Story: Seung-woo (Yoon Gye-sang) has started working as a host in a women's bar. He is responible for giving
rich women a pleasent evening at the bar and learns everything he needs to know in the business from his superior
Jae-hyeon (Ha Jung-woo). In this job you often make some extra cash by conning rich women of their money, which
is something Jae-hyeon has already some experience in. He is also in strong need of earning a large amount of money
sometime in the near future, as there is a debt collector breathing down his neck for some time already. Unluckily,
his current victim, his "girlfriend" Han-byeol (Lee Seung-min), is the sister of Seung-woo. Therefore, a serious
dispute is about to unfold between the two initial friends sooner or later. However, for now Seung-woo has his own
share of problems. He falls in love with the girl Ji-Won (Yoon Jin-seo), who also works as a hostess. The two
move in together, but his job has made Seung-woo distrustful and he isn't really sure anymore, if Ji-won isn't
just trying to con him of his money with her new business idea she introduces him to. Seung-woo and Jae-hyeon
descend into a maelstrom of fraud and mistrust, which is about to eat them up from the inside...
Review: "The Moonlight of Seoul" is a movie that strongly stands out from other character dramas. The
look at the hostess-milieu gives the movie its very own flair and reveals a kind of night life in Seoul you most
likely haven't seen on screen before. The film undoubtfully is carried by its two main characters, who
are everything but just likeable. Over time their social enviroment shapes them into individuals that may
be pitiable, but also detestable. Thus, it may be different for every viewer how much you get out of
the movie, fact is, however, that director Yoon Jong-bin tries to master balancing mainstream and art house
cinema after his critically pretty well-received low budget movie "The Unforgiven". The result may be
mixed concerning that matter, because the movie most likely won't really find a wide audience despite its
stars. Yet, what remains is an interesting drama.
Despite the high budget and the glamerous look that comes with the money Yoon in some respect stays true to his origins as "The Moonlight of Seoul" proves to be a drama that features a strong documentary style at some points. The directing is one of the movie's strenghts as the numerous long shots without a cut during which we follow the protagonists to every place they go, create a refreshingly fast pacing that stands in contrast to some rather lengthy scenes. In those scenes we get the feeling to be right in the middle of the city and get a taste of its night life. We follow the protagonists through the neon-lid streets at night right into their living room and by doing so are introduced to a certain attitude of life. Adding to this is the tremendous realism some of the scenes are shot with.
Standing opposed to this realism which director Yoon attached great importance to is the fact that the characters from a certain point of time onwards, approximately after a third of the movie, don't seem to act on their own anymore, but become marionettes of the script. Some of their actions seem a bit too unrealistic, resp. aren't really motivated by anything and the train of thought that led to their decisions remains unclear. One reason for this may be that the director had to cut down his movie for about half an hour, because the producers thought that a movie with overtime would make them lose their desired wide range of audience. Therefore, some apparent and ugly seams remain visible, which actually could have been hidden in a more proficient way, even the more as the pacing isn't continuously appealing, but drags every now and then.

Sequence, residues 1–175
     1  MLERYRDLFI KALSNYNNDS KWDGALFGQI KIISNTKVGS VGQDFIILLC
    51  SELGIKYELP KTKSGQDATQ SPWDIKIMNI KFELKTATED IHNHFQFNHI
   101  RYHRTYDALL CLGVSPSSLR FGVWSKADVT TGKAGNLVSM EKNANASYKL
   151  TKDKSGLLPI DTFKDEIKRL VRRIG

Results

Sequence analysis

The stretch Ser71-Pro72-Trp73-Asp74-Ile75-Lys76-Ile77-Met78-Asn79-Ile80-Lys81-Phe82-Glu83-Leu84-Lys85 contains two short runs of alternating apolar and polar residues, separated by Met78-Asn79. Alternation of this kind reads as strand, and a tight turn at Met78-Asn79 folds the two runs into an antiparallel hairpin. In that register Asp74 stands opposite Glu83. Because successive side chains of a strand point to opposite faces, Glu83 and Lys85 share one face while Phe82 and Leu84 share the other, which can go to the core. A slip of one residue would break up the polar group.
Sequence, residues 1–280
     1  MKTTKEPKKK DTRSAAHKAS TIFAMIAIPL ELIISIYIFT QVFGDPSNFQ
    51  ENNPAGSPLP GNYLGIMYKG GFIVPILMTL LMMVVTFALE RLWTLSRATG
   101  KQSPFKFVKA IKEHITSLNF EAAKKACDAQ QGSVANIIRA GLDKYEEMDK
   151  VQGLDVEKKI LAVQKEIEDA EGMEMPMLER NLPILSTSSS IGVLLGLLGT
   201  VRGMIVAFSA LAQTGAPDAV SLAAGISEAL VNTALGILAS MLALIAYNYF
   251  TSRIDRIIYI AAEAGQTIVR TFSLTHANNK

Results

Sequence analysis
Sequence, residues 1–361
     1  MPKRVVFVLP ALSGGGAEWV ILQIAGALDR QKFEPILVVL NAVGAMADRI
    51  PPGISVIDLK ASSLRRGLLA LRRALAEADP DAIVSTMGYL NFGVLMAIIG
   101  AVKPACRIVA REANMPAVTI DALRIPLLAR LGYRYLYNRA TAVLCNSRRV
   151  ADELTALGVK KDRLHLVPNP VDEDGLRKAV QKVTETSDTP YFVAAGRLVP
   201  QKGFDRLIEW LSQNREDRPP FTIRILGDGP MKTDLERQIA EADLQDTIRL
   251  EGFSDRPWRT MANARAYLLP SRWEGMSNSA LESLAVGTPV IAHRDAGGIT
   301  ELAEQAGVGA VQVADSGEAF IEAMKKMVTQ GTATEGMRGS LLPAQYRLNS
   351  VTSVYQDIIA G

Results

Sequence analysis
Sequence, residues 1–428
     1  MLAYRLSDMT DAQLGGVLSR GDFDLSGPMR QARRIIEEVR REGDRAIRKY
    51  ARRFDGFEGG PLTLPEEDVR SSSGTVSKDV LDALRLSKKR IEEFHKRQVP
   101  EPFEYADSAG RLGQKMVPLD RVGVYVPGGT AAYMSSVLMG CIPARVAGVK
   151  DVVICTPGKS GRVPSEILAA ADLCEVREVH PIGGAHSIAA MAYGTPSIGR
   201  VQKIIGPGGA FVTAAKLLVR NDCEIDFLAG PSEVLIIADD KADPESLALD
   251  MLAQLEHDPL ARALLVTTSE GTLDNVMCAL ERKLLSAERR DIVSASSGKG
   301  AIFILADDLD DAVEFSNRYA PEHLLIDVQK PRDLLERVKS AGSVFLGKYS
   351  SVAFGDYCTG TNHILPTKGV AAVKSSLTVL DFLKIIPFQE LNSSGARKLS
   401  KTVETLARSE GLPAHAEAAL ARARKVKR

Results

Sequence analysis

The movie can keep up the viewer's interest at any time through its naturally charismatic characters, though. Ha Jung-woo (also in "The Unforgiven" and "Time" or "The Chaser") alongside Yoon Gye-sang ("Flying Boys") delivers a great performance. But that is also strongly in need as the movie, as already mentioned, has some small deficits concerning character elaboration and also features two protagonists who aren't really likeable fellows. With time we learn to despise them more and more, finding its climax in scenes where they are exerting violence on women. Also, Seung-woo seems to portray Jae-hyeon in a former state of development and is undergoing the greatest changes. Why? Because of love, of course. This feeling is what is making him almost paranoid leading him, alongside the viewer, to the cinematical climax. However, if you really expect something like a resolution you may get disappointed because "The Moonlight of Seoul" leaves some questions unanswered and might end rather unsatisfying for some viewers.
However, this doesn't really stand as a flaw. What's more bothering is that you can't really get emotionally involved with any of the characters. For one thing, that's because of the more and more numerous bad traits of them that become apparent during the film, but it's also the script's fault, which focuses on showing the more darker sides of the host-service by means of two characters. The documentary style creates an emotional wall that you can't breach. Still, the two actors manage with flying colors to carry the film on their shoulders for over two hours making us forget that the script itself hasn't that much to offer, actually. We simply accompany, in a sometimes random fashion, these two individuals through their everyday life and that's surely a rewarding experience. Yet, you shouldn't get fooled by the glossy look, as we get to understand very soon that we are only presented with an illusory world here. Thus, "The Moonlight of Seoul" is an at times gritty, tragical, but more than anything else realistic look at the host(ess)-life, a film which most of all manages to convince with its uniqueness.